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Re: [xml-doc] Re: Book-oriented misconceptions

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  • Larry Kollar
    ... Opposing data point -- when presented with a choice to read a book online or download it, I always scan the TOC to get a feel for what s in the material --
    Message 1 of 33 , Oct 1, 2001
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      >> In extensive usability testing ...
      >> one over-riding conclusion has been that users NEVER
      >> user the Table of Contents.
      >So true, so true. I have seen more people downloading entire books
      >for printing than I have jumping to the corresponding online TOC.

      Opposing data point -- when presented with a choice to read a
      book online or download it, I always scan the TOC to get a feel
      for what's in the material -- and whether it's worth downloading
      in the first place. If only small parts of it look useful to me,
      I read those parts online and possibly grab a printout from the
      browser. If the entire document interests me, I snag & print the

      I think it's safe to conclude that some people are more comfortable
      reading online, and others are more comfortable holding a dead tree.
      And for many, it just depends on how much info they need to absorb.

      A ToC doesn't have to represent a linear progression of chapters,
      although that's what it usually does (and maybe that's why it doesn't
      map well to hypertext presentatations) -- it could present topics by:

      - topic type (e.g. procedure, background, reference)
      - user type (e.g. end user, administrator, power user, developer)
      - usage phase (e.g. installation, operation, troubleshooting)

      I'm probably missing other ways, but you should get the idea.
      Plus, you don't have to limit a ToC to only one presentation.
      Assuming the metadata is there for searching and indexing, you
      can automatically generate as many different ToCs as you want
      using the metadata.

      Larry Kollar, Senior Technical Writer, ARRIS

      If a cable modem is caught in an SNMP trap,
      will it chew off its coax to get free?
    • John Russell
      ... alternative ... in ... the ... querying would ... difference ... Querying does give a lot of flexibility, but in the end it s only giving something that a
      Message 33 of 33 , Oct 5, 2001
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        --- In xml-doc@y..., mpriestl@c... wrote:
        > John Russell writes:
        > >Clearly you can write something in Docbook, and generate
        > >navigation maps 100% through querying. This is what I'm doing now
        > >with information that was originally book-oriented and we've left
        > >that same physical structure. How is the querying different
        > >from "inspection"?
        > By inspection, above, I meant creating a TOC automatically based on
        > nesting structure of the sections in the file. I'm assuming
        querying would
        > give a bit more flexibility, as you suggest above. That's the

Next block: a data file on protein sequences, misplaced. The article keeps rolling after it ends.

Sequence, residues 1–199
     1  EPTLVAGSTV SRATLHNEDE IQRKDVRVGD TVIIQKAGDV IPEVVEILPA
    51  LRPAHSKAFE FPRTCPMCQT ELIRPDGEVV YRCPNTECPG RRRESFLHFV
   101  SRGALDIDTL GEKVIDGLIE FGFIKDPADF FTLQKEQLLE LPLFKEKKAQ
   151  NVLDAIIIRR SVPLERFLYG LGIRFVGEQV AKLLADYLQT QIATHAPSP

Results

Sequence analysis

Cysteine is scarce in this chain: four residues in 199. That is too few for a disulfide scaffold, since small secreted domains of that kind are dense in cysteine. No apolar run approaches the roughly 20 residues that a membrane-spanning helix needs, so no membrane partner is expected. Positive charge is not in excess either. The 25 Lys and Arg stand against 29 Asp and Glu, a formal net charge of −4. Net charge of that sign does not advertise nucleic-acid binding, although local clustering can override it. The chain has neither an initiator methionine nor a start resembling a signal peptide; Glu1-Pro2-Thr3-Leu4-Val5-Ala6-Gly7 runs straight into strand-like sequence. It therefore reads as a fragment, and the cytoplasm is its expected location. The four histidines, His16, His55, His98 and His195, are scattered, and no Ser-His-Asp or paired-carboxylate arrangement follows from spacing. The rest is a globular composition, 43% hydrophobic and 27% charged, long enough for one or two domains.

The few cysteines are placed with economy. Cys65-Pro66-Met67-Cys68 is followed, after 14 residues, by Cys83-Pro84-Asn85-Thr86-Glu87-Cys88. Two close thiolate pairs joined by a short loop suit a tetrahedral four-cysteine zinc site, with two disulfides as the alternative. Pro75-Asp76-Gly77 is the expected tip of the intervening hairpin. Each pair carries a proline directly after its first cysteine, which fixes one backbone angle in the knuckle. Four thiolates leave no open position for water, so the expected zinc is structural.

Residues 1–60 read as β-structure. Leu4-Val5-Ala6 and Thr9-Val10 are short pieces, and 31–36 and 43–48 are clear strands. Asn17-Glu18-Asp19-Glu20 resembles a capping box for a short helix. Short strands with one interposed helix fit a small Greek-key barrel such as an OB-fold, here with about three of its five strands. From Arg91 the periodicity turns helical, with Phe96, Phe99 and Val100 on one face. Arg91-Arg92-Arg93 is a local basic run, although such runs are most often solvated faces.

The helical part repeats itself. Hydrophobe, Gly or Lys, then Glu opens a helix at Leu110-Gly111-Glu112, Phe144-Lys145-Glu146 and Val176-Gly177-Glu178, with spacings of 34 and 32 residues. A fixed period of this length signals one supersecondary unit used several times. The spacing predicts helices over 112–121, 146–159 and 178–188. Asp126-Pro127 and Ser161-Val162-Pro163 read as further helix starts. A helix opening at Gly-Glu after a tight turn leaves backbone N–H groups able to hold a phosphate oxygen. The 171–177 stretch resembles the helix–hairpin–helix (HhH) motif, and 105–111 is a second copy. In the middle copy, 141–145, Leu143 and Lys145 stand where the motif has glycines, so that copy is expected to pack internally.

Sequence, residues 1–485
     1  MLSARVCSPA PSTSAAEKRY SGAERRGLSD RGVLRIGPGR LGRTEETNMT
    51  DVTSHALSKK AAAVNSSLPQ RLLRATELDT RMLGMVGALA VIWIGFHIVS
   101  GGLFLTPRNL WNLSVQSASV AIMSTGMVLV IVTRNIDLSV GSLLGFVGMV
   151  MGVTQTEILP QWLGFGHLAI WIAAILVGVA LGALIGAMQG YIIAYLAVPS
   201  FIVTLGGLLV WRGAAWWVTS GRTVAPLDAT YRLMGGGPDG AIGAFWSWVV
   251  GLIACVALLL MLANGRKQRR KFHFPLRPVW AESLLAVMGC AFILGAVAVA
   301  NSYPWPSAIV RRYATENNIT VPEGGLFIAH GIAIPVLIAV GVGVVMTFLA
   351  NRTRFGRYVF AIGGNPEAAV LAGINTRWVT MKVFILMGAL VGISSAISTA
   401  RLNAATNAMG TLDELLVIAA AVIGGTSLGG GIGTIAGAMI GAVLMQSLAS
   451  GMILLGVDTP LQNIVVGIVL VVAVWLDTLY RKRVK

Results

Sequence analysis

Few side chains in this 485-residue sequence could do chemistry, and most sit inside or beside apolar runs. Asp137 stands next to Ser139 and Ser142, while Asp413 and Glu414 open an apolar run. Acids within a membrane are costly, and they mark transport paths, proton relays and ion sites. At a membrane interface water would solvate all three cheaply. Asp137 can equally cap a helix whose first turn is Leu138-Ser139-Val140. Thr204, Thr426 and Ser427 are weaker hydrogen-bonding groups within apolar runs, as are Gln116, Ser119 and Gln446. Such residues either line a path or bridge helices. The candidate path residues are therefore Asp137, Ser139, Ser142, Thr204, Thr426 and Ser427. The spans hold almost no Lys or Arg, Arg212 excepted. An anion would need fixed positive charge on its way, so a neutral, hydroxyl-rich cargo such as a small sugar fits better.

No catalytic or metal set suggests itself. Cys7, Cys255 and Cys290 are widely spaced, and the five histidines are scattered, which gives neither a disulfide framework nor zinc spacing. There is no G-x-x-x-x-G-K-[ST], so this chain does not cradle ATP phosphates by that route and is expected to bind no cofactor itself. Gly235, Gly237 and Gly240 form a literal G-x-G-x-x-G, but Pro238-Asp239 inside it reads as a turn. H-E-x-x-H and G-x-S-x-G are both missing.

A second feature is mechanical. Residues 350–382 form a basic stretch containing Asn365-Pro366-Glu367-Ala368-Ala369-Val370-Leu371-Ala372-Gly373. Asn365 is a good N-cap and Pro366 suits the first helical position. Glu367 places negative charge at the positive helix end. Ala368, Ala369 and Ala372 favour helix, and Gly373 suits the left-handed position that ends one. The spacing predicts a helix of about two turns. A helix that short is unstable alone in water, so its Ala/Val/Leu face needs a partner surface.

> between inspection (as I used the word above) and querying.

        Querying does give a lot of flexibility, but in the end it's only
        giving something that a good writer could do anyway. I suggest that
        the best way to figure out what queries to do is to look at stuff
        that was done by good writers and trace back their thought
        processes. How did they decide the threshold for including things?
        Why does this subject get more attention than that one? And so on.
        It's interesting that one of the trickiest queries to do -- I'm still
        working on making it real-time -- is a recursive one that just
        reproduces the same nesting order as in a book.

        > It's certainly possible to do topic-oriented
        > authoring inside a large print-oriented file, but it takes
        discipline that
        > the DTD won't enforce or encourage.

        This idea of enforcing and encouraging leads to some other ideas.
        Maybe that's another thread. I suggest that the best encouragement
        and guidance for an author is to compare their information against
        existing information: are my topics at the same level of detail, am I
        using the same style, etc. And this is easy to do when working on
        information that is "transcluded" :-) into a book structure.

        > In my
        > experience, when writers create nested topics (especially using
        > names like chapter, or appendix) little tell-tale signs tend to
        creep in.
        > Things like "In this chapter, we talk about..." oops. Or "Next, we
        go on to
        > introduce..." oops again.

        I've seen people run screaming from online information systems for
        many different reasons, but never over things like this. So I'd say
        this is far from the biggest problem around.

        At Google.com, Salon.com, etc., I find a useful chunk of information
        that ends by implying "if your interest hasn't been satisfied yet,
        here is a preview of the next chunk or a summary of all following
        chunks". That is, those links that show how many screens to expect
        in the search results or multi-part article, maybe showing a title or
        quotation from the following section. In some cases, it might not
        even be a link yet if "Part 2" of the article is coming tomorrow.

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